[quote style=”boxed”]I usually am up at 6 am and get to the office by 7. I also try to run a couple times a week. Through the day, I am busy managing what goes on the site, clearing my inbox, speaking with existing and potential merchants to help them run successful campaigns, and working to strategize for the future of Dibsie with my co-founders Garren Givens and Dylan Fareed. I’ll usually try to head home by about 9, do some reading, eat dinner and relax.[/quote]
Scott Poniewaz is a co-founder at Dibsie.com, an evolving catalog that recommends home and fashion products based on a user’s tastes, while providing businesses a quick and easy self-uploading platform for sale campaigns.
Prior to starting Dibsie, Scott was the Director of India operations, Northeast Sales, and developed programs across Southeast Asia, Africa, and was able to travel to 6 of 7 continents while at a teen service and adventure travel company. Before all of his globetrotting, he grew up in the Madison, WI suburb of Middleton, then earned photojournalism and studio art degrees from the University of Montana, while managing to ski in excess of 75 days per winter and honing his outdoor skills. After living out of suitcases and developing business in Asia, his growing interest in the budding NYC tech scene, startups, design, and fashion inspired him to lay his roots in New York and develop Dibsie.com. He also is a big foodie that not only enjoys New York’s never-ending list of restaurants, but also trying to recreate his favorite dishes in the kitchen.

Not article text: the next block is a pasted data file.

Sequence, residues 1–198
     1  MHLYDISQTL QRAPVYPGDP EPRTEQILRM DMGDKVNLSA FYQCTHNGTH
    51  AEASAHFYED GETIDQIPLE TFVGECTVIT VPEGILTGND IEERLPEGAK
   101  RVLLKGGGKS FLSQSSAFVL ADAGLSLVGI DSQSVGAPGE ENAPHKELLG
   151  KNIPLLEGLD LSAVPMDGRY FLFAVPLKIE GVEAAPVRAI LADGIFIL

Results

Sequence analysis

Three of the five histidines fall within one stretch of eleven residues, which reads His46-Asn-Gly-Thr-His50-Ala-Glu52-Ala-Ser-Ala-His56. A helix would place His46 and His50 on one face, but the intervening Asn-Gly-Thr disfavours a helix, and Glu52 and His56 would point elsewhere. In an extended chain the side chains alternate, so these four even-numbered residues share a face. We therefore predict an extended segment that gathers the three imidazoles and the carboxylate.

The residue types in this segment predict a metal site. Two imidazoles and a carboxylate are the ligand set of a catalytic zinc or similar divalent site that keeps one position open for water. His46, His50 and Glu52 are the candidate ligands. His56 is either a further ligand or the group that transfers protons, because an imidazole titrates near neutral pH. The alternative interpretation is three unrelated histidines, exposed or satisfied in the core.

What are you working on right now?
Currently I manage Dibsie’s business development and much of the day-to-day operations. Since launching at the New York Tech Meetup in August, we’ve been rapidly growing on both the business and user acquisition fronts, optimizing our technology and recommendations, and are working hard to continue to scale.
Where did the idea for Dibsie come from?
In 2010, we launched CampusDibs, a Groupon for colleges. We realized we could improve upon the daily deals model and evolved. People wanted more personalized offers recommended to them and the sales cycle was a lengthy, inefficient one. Our entrepreneurial backgrounds paired with our passion for fashion, design, and art allowed us to pivot, innovate and problem-solve around these areas and Dibsie.com was born.